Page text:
Go ahead and test both the west and east gateway DNS to ensure both are working.

The next step would be to setup Traffic Manager to route traffic to the gateways.

Traffic Manager

Use the following Terraform code to create the Traffic Manager Profile and an Endpoint for each Gateway.

Traffic Manager Endpoints supports different types. I tried using azureEndpoints and then specifying the public IP resource but Terraform timed out with a 500 for some reason.

I ended up using externalEndpoints and then specifying the FQDN of the public IP resources which worked just fine.

Traffic Manager will monitor the health of your endpoints:

Browsing to the DNS name for the Traffic Manager should now display your site relative to your location:

Enabling HTTP2

Enabling HTTP2 on the Application Gateway is currently not support by Terraform.

You can use the following PowerShell script to enable HTTP2:

Configure using the same Principal credentials as Terraform and execute for both East and West gateway.

This will only work once you have configured HTTPS since that is a requirement for HTTP2.


I thought I'd talk about some of the limitations that I found during this build out as well as some points of interest.

pickHostNameFromBackendAddress Flag

This is an obvious limitation, I'm hoping that soon there will be a selection in the Azure Portal for an App Service when adding to your backend pool instead of using the FQDN. Selecting this option should then set the pickHostNameFromBackendAddress flag for you automatically.

Ideally Terraform could also provide this setting to make automation easier and more consistent.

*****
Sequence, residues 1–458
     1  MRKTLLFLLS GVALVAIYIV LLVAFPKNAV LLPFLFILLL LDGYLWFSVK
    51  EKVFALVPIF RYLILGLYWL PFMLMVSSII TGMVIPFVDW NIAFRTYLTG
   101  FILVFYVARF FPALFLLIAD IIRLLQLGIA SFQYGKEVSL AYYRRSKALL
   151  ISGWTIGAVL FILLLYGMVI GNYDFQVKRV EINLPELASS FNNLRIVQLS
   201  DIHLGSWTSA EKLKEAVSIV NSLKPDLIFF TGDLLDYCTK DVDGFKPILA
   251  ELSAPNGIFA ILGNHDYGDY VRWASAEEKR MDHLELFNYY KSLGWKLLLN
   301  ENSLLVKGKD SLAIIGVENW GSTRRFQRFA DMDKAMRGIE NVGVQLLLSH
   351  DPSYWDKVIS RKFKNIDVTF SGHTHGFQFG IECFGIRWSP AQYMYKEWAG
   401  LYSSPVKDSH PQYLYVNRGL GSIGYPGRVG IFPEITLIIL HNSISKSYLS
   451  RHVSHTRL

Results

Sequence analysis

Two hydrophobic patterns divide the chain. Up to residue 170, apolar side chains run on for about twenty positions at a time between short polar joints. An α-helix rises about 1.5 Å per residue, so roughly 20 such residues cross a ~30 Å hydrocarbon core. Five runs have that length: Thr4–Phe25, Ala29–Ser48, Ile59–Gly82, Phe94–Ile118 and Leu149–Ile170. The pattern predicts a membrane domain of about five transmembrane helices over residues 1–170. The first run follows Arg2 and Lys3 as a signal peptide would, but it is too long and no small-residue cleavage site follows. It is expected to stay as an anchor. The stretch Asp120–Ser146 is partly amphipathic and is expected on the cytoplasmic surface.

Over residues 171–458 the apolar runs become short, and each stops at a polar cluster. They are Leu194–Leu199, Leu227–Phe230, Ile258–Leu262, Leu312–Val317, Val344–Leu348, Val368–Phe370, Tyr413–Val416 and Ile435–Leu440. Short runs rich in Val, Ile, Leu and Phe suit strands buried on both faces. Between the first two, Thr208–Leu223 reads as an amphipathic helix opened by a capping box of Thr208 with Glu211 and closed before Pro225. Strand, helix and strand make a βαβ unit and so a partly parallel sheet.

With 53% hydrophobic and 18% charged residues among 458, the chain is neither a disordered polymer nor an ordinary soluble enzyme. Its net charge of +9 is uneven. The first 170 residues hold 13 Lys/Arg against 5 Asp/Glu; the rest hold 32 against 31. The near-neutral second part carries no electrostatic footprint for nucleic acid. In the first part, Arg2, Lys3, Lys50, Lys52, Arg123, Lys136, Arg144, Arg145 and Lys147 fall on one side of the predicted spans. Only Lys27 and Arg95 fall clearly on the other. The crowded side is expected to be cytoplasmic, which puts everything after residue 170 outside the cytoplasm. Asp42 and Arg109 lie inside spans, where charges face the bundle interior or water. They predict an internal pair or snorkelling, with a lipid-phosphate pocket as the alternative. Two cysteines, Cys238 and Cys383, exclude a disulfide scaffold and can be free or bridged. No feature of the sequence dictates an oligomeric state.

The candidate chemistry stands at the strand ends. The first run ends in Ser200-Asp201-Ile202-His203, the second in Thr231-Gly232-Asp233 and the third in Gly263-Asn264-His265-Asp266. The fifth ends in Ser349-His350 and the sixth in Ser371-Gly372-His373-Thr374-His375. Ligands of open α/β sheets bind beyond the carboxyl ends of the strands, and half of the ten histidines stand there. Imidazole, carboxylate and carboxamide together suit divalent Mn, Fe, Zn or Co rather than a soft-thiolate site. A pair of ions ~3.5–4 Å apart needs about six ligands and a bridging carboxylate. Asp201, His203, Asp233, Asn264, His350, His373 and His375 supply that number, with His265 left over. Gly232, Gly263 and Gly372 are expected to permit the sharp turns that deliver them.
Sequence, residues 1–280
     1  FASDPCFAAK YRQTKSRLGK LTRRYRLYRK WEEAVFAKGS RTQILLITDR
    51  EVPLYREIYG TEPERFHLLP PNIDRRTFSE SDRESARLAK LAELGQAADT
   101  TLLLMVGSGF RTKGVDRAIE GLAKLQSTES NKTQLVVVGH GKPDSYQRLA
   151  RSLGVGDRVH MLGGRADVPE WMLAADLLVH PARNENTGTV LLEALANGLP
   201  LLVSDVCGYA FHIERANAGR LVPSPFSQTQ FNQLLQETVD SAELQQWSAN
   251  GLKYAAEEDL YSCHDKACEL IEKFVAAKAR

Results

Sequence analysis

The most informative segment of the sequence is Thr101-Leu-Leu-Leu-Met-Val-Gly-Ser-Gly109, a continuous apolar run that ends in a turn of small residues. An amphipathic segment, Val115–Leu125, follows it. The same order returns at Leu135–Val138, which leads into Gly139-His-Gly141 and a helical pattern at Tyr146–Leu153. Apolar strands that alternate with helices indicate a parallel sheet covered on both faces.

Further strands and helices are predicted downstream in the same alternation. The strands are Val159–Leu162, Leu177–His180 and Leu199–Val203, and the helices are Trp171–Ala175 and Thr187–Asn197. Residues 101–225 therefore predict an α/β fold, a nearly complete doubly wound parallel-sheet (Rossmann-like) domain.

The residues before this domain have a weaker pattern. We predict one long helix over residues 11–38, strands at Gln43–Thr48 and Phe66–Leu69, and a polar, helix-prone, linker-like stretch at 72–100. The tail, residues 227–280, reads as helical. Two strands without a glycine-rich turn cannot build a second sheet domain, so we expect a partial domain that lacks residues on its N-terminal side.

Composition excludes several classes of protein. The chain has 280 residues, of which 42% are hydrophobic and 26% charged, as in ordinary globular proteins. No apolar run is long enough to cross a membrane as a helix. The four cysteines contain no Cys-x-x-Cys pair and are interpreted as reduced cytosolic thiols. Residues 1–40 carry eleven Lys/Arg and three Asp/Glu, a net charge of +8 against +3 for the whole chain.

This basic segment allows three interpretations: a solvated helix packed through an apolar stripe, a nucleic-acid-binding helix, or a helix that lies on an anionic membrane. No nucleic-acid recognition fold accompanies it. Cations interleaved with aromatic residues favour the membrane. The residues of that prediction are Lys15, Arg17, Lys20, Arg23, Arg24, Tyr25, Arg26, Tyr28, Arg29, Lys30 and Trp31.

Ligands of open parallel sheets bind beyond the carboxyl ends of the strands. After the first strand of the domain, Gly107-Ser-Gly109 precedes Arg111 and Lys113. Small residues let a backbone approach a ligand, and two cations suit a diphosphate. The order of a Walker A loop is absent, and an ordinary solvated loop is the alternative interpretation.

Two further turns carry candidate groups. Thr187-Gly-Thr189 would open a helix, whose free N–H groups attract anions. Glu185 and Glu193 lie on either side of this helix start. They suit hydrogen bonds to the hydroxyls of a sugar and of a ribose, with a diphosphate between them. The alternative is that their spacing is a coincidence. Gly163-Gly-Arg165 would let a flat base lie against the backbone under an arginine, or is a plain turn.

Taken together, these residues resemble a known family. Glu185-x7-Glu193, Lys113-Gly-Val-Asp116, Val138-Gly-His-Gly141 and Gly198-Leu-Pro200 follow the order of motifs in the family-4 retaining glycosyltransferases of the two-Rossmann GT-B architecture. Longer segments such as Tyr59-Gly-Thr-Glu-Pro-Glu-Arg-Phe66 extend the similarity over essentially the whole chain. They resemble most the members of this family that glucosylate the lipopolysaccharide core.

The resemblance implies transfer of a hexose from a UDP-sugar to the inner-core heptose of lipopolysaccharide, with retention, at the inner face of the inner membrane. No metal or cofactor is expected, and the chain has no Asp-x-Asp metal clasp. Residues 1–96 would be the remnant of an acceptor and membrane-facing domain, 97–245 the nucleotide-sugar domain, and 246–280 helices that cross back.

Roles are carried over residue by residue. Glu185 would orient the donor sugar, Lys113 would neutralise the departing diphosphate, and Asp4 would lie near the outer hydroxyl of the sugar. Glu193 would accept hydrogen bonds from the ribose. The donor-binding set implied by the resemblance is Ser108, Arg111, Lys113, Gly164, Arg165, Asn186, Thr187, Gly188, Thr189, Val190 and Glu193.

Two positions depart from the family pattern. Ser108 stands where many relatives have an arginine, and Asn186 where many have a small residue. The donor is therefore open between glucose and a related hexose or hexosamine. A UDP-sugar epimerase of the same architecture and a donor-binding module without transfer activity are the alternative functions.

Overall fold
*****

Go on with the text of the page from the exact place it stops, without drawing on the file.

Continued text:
The only recommendation Microsoft documentation currently has for doing this is to use powershell.

You can read about it here.

Http vs Https

In my example I have configured only for HTTP. In reality you are going to want to use HTTPS. This is easy enough to configure on the DNS and App Service side using a CName and adding a Custom Domain. Best practice then is to terminate SSL at the Application Gateway level by attaching your SSL Certificate to a HTTPS listener on port 443. You can then route traffic to http (port 80) on your App Service and change your Application Gateway HTTP listener to route to the HTTPS listener.

One limitation is that Terraform currently does not support the option to route from one listener to another. So in terms of automation you may need to write some powershell for that.

IP Restrictions

One of the reasons for using the Application Gateway is to prevent users from directly accessing your App Services. You can use IP Restriction on the Networking blade for this, providing the IP address of your Application Gateway.